Page 24 - Layout 1
P. 24

Recasting Gibraltar’s appeal to encourage business opportunities
Continued from p6
one being EU compliant and the other offering being shaped to our needs and not being tied to EU rules, particularly in respect of fund administration and insurance with captives, for example.”
Over-egged regulation
It’s not that less regulation is being sought; that remains critical. “We want proportionate and sensible regulation”, Montegriffo held. “There are times in regulation where you may overstep the mark: it is fair comment that there are aspects of EU legislation in financial services, but also more broadly, that probably have over-egged matters. Outside of the EU our collective judgment in Gibraltar is still probably to adopt and continue to apply many EU standards, but we will have more flexibility,” he said.
Potentially, there were also “genuine opportunities in tax; State Aid rules mean we can’t be as flexible in our tax system as we might otherwise consider to be desirable.	For
example, you cannot easily advantage a particular sector to attract a certain investment without giving rise to a State Aid problem under EU rules; outside of the EU we could probably incentivise certain businesses in a more targeted fashion”.
At the present time, however, Reyes reported that uncertainty over the future meant people were reluctant to invest large sums of money and were being cautious. “They are taking stock of the way the world is developing. Having said that, we are still fielding enquiries, but it is all taking a bit longer. The interest in Gibraltar persists, because we are put on the reputable side of the line and people are therefore more open to us and willing to talk to us about the future.”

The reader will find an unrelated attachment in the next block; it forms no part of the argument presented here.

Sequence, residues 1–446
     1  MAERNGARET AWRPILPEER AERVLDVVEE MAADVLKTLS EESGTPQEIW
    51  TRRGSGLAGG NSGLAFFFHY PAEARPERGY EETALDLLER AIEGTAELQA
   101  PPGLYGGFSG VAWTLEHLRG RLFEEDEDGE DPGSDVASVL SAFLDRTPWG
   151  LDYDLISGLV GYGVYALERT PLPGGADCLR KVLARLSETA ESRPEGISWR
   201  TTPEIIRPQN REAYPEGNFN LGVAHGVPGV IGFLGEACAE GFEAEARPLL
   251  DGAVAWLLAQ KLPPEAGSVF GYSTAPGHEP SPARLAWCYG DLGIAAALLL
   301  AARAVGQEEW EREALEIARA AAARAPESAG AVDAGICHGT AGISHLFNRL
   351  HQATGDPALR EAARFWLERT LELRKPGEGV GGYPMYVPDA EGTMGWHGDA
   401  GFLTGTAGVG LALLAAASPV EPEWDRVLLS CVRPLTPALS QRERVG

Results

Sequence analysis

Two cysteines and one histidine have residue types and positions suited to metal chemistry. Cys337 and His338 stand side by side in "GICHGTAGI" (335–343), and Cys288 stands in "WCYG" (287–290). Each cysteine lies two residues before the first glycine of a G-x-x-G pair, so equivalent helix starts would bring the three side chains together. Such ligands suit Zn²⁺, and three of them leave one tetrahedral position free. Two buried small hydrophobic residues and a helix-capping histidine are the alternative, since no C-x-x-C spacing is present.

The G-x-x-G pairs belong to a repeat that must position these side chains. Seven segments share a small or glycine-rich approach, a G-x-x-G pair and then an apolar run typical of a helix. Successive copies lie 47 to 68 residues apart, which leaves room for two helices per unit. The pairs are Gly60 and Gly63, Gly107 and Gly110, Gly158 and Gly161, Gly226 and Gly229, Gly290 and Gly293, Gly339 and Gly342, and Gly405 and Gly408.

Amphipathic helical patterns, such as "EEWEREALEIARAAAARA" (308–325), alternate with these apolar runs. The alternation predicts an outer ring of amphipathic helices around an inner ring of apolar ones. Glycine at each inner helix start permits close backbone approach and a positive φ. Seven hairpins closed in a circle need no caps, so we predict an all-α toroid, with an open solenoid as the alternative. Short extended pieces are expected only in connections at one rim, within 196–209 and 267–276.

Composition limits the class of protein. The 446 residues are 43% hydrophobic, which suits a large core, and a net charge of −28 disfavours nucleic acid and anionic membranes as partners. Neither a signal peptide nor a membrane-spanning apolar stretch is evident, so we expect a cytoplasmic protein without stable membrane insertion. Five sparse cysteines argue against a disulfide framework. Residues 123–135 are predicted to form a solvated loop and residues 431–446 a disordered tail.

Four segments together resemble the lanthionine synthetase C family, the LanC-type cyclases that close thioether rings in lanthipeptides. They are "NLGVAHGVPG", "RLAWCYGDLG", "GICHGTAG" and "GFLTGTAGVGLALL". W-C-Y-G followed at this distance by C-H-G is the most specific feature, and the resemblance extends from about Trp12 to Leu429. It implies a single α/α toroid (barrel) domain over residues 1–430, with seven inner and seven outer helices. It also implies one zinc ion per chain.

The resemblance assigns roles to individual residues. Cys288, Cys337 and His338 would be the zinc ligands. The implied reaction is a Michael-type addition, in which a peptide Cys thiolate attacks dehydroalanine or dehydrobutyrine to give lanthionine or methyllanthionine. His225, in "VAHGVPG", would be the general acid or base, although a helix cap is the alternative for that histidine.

Dual regime possible
Minister Isola agreed that a dual regime in certain sectors – funds particularly, but also possibly insurance - could work and presents opportunities. “It’s not new, its what some jurisdictions already have and it seems to have worked for them with a regulatory framework for EU/UK business, and for non-EU activity it would be the same as the UK.
At the same time, the government is “working closely with one or two jurisdictions to facilitate single market access and with closer regulatory co-operation”, he disclosed, but declined to reveal which coun- tries were involved. There is speculation, however, that one possibility is Malta!
The government has asked the Chamber, Small Business Federation and financial services sectors to submit ideas for development following Brexit, “which could further diversify Gibraltar’s vibrant economy”. A Brexit working group will “explore every option to strengthen Gibraltar’s economic position”, declared Neil Costa, Minister for Business and Employment.
Start-up businesses particularly in software development are being encouraged by Costa through establishment of incubator and accelerator schemes, the government having already promised seed finance of up to £25,000 to support each development and progression of new businesses at a low 2% interest rate as part of a package of measures. He told a Gibraltar Startup Community meeting in October: “Land has to be the
Gibraltar International

   22   23   24   25   26